Next up, we processed the photographs using software that automatically calculates the relationship of the camera stations to one another and creates a point cloud describing features in common captured by the photographs.

Point Cloud representing the stained glass (in true color) and the relative 3D locations for each photograph used.

The point cloud is essentially flat (due to what it is depicting) but nonetheless consists of an agglomeration of precise 3D measurements. Here is an animation showing its three dimensional nature:

An animation showing the point cloud depicting the stained glass triptych and the camera stations (in red)

Then we chose a handful of “smart points” relating to specific locations on the glass in order to establish a meaningful coordinate system. These points are shown on the images below.

Location of “smart points” on center window (lower portion)

Location of “smart points” on center window (upper portion)

Location of “smart points” on right window

Once these ponts were chosen and used to define our principal plane, we recalculated the model (with “smart points” on our surveying rod to establish real world dimensions).  Here are the x, y, and z values for our smart points:

Object Point Calculation Table

If you look closely at these values you’ll find that the average error value for this small batch of points is calculated to be about one one hundredth of an inch. Photogrammetric analysis (esp. when using controls and targets) can greatly exceed this level of accuracy – but this is already well beyond what would be required to replicate this design.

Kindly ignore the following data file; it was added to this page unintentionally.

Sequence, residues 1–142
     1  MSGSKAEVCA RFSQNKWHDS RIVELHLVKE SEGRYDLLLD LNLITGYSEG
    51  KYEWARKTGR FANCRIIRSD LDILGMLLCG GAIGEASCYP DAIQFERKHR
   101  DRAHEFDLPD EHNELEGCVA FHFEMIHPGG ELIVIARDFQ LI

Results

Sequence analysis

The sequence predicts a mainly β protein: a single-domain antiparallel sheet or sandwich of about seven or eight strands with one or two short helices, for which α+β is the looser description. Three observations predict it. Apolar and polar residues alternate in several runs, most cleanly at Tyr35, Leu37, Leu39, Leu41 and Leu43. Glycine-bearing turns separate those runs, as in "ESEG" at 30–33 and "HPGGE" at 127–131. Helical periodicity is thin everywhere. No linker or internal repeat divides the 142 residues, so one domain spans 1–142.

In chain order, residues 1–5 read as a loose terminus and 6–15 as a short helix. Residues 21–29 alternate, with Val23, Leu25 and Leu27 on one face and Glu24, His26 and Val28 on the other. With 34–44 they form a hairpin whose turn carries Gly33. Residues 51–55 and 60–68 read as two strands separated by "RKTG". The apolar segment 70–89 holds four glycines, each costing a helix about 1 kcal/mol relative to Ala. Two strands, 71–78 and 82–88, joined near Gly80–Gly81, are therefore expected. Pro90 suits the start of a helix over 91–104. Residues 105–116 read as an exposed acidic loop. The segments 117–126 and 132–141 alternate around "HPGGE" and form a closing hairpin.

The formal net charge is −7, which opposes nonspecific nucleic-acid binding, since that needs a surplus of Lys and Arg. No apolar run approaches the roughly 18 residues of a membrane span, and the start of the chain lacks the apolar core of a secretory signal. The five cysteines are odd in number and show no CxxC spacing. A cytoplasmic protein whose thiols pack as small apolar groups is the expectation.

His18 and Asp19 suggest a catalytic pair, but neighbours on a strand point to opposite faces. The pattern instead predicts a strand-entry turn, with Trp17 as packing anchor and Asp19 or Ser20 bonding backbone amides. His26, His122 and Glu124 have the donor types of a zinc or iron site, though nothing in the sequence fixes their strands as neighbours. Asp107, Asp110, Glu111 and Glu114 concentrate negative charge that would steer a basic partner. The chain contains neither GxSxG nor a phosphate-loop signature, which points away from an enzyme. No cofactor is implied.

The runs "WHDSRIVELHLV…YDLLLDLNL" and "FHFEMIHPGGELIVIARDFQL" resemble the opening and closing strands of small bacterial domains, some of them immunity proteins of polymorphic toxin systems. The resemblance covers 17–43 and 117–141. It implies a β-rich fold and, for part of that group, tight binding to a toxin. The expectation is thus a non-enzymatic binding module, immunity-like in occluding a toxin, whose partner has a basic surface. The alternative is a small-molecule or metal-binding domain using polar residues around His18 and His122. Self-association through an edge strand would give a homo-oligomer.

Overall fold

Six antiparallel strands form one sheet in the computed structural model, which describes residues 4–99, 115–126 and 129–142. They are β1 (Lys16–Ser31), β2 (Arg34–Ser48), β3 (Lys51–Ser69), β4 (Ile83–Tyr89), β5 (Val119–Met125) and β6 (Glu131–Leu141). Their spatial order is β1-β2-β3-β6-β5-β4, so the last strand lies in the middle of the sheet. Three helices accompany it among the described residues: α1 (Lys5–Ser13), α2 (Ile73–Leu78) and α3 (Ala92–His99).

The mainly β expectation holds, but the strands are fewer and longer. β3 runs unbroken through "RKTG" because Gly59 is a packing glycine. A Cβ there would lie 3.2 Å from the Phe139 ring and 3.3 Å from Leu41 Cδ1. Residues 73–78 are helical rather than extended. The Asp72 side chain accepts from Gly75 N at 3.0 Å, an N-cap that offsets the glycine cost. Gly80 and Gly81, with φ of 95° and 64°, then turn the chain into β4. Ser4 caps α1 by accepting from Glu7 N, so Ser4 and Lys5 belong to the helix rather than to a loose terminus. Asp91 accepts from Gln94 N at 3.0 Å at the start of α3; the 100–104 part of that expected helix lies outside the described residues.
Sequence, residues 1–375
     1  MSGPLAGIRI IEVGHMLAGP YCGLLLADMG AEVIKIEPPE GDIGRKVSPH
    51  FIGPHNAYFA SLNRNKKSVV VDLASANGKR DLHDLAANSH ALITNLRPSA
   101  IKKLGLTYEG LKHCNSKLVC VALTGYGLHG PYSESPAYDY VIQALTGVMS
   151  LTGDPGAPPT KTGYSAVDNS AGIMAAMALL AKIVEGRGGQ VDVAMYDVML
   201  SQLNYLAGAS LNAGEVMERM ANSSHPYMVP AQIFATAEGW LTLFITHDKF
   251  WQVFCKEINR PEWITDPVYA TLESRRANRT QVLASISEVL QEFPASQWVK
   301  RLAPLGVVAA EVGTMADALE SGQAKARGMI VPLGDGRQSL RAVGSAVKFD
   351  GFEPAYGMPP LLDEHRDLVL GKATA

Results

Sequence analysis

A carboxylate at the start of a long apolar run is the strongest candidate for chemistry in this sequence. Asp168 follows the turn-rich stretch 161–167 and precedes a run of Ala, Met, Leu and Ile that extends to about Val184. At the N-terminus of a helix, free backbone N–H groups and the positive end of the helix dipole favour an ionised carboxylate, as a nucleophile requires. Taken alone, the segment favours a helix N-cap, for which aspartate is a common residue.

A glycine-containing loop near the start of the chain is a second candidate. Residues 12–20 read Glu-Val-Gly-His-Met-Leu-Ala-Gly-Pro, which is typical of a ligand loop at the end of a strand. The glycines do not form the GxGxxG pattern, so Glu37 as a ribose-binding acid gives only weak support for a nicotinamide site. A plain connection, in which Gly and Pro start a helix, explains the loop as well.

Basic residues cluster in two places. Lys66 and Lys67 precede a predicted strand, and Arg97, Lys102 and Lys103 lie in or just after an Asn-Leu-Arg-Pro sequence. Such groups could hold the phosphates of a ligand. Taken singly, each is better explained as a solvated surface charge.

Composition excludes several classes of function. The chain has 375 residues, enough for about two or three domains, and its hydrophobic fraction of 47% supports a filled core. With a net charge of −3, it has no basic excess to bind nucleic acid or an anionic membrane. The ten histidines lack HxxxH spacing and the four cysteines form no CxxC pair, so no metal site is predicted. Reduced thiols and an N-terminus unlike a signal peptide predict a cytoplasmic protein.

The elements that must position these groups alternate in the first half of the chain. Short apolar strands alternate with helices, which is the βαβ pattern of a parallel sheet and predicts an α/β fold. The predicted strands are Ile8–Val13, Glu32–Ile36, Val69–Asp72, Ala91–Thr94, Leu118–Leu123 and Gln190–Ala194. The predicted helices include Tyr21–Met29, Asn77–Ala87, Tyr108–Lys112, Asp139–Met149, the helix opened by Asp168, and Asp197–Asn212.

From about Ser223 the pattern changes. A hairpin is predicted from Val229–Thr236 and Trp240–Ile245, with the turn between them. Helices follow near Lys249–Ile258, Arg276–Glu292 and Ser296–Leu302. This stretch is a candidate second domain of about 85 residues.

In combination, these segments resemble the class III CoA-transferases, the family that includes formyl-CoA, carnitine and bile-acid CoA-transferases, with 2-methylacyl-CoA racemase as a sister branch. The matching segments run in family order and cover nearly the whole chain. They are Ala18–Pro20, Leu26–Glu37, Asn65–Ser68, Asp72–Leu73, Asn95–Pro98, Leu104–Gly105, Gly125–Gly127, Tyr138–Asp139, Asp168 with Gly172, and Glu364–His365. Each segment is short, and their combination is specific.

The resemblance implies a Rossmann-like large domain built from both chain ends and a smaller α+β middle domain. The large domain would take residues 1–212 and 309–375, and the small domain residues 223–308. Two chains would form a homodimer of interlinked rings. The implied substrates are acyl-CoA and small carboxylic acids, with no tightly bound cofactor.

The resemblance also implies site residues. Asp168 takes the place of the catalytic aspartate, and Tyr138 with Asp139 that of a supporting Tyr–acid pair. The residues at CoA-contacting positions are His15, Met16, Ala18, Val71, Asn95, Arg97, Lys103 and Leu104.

On to image rectification… The next step is to use these same 3D coordinates to define theoretical planes onto which the individual photographs will be projected so that the resulting images match precisely the real world conditions of the glass surface.

Defining a rectification plane with four or more points

The window above shows a plane formed by points 5, 6, 7 and 8 that has a maximum error value of about a sixteenth of an inch (which means that this portion of the window is pretty flat – if there were buckling and such, as will happen with windows over a hundred years old, this value would be greater…). So this will be the spatial plane onto which we will rectify the photo of the center window, lower portion.

Next up, we made a lasso of the area of the photo that we want to rectify since not all of the image corresponds to our rectification plane.

Lasso indicating extent of image that is coplanar to the rectification plane.

Then we were ready to create our rectified image of the triptych in its entirety by creating a mosaic of four smaller rectified images. In the way that we shot this example, we were able to create a rectified image that would respect the graphic scale of 3″=1′-0″ (1:4) when printed at 150 dots per inch. This ‘resolution’ can be increased by shooting more images that are in closer range to the surface being documented.

Creating a mosaic of individually rectified regions

And here is an overview of our finished result:

with some additional images “zoomed in”:

100% crop

400% crop

So this is the level of detail available across the entire surface of the three windows. If the image were printed on several sheets full size, we would produce, effectively, the same type of document as if we were able to make a high quality “rubbing” of the window – with out having to remove it and in a fraction of the time (and in color!!!)

Continuing on, I showed how the image could also be brought into a CAD program  (such as AutoCAD) in order to create a highly detailed measured drawing in vector format. In this scenario one can directly query the image to get real world dimensions.